www.palmislandtransit.com

Thursday, June 27, 2013

Follow-Up to Info Central's Insurance Seminar

Like many of us, Island neighbor Larry Hinds found himself a little at sea after the Insurance Seminar hosted by Info Central on 5/29.  So he started doing some research, and was kind enough to share.

Terminology:
NFIP – National Flood Insurance Program: www.floodsmart.gov
RCBAP – Residential Condominium Building Association Policyhttp://www.fema.gov/library/viewRecord.do?id=4097
SRL – Severe Repetitive Loss
COBRA – Flood Zone: 
The Coastal Barrier Resources Act (COBRA) of 1982 and later amendments, removed the Federal government from financial involvement associated with building and development in undeveloped portions of designated coastal barriers (including the Great Lakes). These areas were mapped and designated as Coastal Barrier Resources System units or "otherwise" protected areas. They are colloquially called COBRA zones. COBRA banned the sale of NFIP flood insurance for structures built or substantially improved on or after a specified date. For the initial COBRA designation, this date is October 1, 1983. For all subsequent designations, this date is the date the COBRA zone was identified.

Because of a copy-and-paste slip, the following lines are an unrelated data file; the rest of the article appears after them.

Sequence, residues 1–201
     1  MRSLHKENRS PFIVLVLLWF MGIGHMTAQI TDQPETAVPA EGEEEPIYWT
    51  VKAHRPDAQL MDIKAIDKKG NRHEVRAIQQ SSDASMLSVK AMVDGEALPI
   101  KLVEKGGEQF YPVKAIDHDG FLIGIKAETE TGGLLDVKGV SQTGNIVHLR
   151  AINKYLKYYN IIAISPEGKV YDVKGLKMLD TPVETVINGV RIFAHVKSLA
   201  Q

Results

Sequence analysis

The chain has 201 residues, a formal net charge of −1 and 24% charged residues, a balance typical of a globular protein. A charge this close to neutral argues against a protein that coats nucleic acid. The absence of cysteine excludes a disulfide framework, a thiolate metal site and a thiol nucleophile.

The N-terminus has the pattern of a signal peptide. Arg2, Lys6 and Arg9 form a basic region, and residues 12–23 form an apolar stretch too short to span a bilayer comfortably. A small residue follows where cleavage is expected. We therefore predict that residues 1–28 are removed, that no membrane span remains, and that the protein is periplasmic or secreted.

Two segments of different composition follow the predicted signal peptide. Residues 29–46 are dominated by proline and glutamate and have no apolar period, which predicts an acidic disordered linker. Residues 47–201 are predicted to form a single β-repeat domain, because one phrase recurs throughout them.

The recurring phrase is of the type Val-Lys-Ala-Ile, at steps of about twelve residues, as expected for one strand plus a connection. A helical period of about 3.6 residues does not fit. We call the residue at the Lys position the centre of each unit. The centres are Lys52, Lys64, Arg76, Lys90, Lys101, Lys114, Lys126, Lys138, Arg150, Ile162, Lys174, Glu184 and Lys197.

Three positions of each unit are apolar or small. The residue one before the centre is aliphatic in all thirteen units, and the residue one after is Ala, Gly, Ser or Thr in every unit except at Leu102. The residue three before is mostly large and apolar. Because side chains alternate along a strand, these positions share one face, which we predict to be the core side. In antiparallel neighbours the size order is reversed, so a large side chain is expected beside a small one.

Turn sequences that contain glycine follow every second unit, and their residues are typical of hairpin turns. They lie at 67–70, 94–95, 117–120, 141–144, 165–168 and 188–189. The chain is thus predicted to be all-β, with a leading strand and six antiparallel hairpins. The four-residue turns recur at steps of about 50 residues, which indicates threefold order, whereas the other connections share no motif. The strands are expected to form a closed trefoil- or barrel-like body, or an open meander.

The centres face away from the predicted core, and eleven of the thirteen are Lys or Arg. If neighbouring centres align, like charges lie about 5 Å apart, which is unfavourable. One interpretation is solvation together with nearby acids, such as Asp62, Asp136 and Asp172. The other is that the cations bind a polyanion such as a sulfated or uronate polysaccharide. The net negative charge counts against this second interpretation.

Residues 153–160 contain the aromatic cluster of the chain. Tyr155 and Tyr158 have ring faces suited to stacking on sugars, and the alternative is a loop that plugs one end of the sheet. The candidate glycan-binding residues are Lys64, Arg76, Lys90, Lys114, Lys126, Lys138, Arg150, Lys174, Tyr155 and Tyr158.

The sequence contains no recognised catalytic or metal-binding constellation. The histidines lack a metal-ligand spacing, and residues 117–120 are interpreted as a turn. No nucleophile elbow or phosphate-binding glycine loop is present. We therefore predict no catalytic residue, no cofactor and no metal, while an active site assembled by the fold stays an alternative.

COBRA zones and their identification dates are shown on Flood Insurance Rate Maps (FIRMs) http://www.fema.gov/national-flood-insurance-program-2/coastal-barrier-resources-system#0
Flood Zone – designated by rate tables 
Common flood zones in our area are AE and VE. Much of our area is determined to be in the Special Flood Hazard Area (SFHA), which is defined as an area of land that would be inundated by a flood having a 1% chance of occurring in any given year (commonly called the 100-year flood).
· AX Zone: A flood insurance rate zone that corresponds to areas outside of the 100-year floodplains, or that have a less than 1% chance of flooding in any given year, whereby there is no established base flood elevation (BFE) and flood insurance is typically not required by federally-back loans. (Lender discretion, but rarely required).